If my Yubikey fails (or if I forget its PIN), I can’t access passwords on my device. I still have access to commonly used passwords and my mail on my phone. My backup Yubikey is kept safely at my home. If I lose both, I have the paperkey backup at home (which I should store elsewhere).
I have a current version of the password repository against 3 PCs, and a partial version in my mobile. If all these 4 devices fail at once, I can still clone a fresh version of the repository with my YubiKey (I would still have GitLab SSH access). I might need to prepare better for this though, since configuring GPG-SSH might not always be easy during an incident.
As a alternate scenario, my phone GPG key does have my GitLab password, so I can clone the repo over HTTPS (with password) if needed.
Circular dependency against GitLab
My GitLab password is randomly generated and stored in the same password store on GitLab. That is not too big of an issue, because I don’t need the GitLab password anymore to clone my passwords repo, just my Yubikey (for SSH).
If I lose my key, the GPG card contains public info, including my email address, which can be used to contact me. I have a Tile bluetooth tracker on my keychain to make it easier for me to find it.
A hardware key doesn’t protect you from all attacks. At the end of the day, my passwords must be decrypted by the key and passed unencrypted back to my browser (or editor).
pass for eg, doesn’t protect against memory scraping attacks. If I edit a password on an infected machine, it gets that password.
If my browser has a malicious extension, it already has keys to the kingdom. But if I then log into a website, it does get access to that password additionaly.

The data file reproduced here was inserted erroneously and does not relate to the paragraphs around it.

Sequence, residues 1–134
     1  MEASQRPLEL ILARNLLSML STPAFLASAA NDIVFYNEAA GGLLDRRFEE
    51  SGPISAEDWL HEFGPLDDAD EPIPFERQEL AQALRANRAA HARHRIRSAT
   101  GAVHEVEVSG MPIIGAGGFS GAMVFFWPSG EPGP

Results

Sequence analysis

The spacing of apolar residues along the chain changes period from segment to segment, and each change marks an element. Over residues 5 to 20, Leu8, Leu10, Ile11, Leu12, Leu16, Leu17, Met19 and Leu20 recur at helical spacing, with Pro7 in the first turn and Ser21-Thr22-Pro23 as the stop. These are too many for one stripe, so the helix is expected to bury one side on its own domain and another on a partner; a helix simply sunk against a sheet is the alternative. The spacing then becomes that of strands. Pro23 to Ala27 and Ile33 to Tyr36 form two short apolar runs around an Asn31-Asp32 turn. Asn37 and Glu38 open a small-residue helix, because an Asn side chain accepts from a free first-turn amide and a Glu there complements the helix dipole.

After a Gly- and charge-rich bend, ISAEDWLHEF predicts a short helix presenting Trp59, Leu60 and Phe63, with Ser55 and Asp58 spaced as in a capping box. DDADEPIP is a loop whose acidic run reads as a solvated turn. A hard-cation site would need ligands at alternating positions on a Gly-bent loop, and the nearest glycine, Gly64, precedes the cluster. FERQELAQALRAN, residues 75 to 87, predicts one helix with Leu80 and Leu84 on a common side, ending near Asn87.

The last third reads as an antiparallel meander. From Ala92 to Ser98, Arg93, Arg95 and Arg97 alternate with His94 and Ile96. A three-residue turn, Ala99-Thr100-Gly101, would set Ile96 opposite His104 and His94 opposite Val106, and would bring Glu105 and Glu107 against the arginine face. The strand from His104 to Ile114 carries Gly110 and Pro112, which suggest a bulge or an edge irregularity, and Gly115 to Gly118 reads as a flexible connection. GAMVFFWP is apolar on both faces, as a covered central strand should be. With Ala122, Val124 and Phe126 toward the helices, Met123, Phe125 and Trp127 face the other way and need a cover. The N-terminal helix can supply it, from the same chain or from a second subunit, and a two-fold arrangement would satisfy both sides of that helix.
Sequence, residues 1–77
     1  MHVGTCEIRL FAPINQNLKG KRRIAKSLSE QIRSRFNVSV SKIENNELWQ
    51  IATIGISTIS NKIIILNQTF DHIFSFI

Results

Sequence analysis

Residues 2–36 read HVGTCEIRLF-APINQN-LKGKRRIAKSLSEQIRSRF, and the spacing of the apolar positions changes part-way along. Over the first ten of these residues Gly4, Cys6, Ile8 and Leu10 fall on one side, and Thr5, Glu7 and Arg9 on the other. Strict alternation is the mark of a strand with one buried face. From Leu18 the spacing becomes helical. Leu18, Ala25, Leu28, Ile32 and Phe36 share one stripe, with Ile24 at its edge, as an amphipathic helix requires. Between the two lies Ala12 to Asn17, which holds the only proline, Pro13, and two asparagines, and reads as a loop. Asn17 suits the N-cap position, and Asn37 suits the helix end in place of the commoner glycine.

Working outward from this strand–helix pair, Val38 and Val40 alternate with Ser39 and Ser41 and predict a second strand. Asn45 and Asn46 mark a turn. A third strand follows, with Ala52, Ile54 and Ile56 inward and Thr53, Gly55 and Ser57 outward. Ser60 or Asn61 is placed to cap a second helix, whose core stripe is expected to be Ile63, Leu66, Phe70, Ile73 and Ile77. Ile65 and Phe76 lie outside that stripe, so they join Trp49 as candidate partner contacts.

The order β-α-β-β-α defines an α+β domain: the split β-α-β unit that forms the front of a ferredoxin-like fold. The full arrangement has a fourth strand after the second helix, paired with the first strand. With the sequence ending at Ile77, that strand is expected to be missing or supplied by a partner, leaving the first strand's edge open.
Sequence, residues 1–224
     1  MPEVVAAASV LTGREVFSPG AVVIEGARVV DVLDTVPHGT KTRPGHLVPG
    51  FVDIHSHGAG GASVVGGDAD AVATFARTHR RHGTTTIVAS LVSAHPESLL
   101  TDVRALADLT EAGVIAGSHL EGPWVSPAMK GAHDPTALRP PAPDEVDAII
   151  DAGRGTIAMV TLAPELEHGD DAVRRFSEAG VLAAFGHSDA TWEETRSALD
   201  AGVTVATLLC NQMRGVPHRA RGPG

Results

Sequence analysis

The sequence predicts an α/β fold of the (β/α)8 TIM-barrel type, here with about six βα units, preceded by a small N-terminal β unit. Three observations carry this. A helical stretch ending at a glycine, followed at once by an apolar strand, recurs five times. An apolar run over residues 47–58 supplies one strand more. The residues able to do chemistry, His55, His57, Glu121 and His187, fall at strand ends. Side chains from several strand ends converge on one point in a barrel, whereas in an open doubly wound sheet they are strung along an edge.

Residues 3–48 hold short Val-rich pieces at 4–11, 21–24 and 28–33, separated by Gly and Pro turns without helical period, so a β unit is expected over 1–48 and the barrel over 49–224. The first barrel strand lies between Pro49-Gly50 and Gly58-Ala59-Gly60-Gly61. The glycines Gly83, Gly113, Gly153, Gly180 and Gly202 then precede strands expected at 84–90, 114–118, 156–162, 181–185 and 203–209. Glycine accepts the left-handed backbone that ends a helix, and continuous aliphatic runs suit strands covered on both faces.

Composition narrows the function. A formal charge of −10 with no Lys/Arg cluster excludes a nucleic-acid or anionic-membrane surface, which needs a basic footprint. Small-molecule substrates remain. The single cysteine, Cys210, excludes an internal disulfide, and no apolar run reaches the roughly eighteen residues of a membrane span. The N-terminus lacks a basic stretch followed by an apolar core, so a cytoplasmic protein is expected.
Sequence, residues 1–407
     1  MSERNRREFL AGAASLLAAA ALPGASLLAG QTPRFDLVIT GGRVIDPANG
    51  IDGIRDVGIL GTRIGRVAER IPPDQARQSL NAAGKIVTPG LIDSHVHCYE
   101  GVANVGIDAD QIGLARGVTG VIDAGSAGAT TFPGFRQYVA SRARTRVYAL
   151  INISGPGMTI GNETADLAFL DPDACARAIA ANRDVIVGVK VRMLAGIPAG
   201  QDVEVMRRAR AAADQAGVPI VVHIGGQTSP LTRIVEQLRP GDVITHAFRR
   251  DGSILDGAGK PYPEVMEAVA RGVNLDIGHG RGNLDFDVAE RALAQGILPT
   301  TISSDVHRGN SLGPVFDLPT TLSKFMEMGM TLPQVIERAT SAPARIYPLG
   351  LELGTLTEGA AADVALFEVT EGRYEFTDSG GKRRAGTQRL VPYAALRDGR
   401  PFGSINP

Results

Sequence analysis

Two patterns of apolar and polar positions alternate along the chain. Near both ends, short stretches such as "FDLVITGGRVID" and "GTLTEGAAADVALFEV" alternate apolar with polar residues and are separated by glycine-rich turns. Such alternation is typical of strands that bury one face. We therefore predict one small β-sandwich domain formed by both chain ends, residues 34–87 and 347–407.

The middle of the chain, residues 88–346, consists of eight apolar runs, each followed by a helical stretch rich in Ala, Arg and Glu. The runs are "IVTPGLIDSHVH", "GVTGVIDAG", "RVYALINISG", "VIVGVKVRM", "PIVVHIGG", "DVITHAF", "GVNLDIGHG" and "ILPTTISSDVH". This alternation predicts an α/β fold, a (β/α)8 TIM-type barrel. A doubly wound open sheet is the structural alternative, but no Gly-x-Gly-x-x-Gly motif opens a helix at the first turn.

xkcd 1200 famously illustrates this:
A password vault protected by a hardware key protects against some attacks:
- A malicious extension can’t sniff my vault passphrase, since I don’t have one
- The key can’t be exfiltrated from hardware.
However, a malware can connect to my authenticated GPG socket, and start decrypting things. To prevent against that, I run my Yubikey in “touch-only” mode, so it requires a “physical touch” before it actually does anything, even if the PIN is cached. Customizability is dependent on your Yubikey model. But remember the xkcd warning - if I have a malware running on my device, it is pretty much game over anyway.
pass doesn’t prevent against memory scraping attacks, and actually uses
/dev/shm to store the temporary plain-text files containing passwords. Ultimately, your identity is as secure as the device you trust it with.
If you have any suggestions for any of the below, I’m happy to hear them.
Since my backup key stays at home, how do I deal with long-term travel? This is something I’m still figuring out. Do I take my backup Yubikey on my longer-travels? Or should I setup a third-key before I do that? Chances of me losing both the keys together are quite high, so I’m trying to avoid that.
2FA Recovery Guides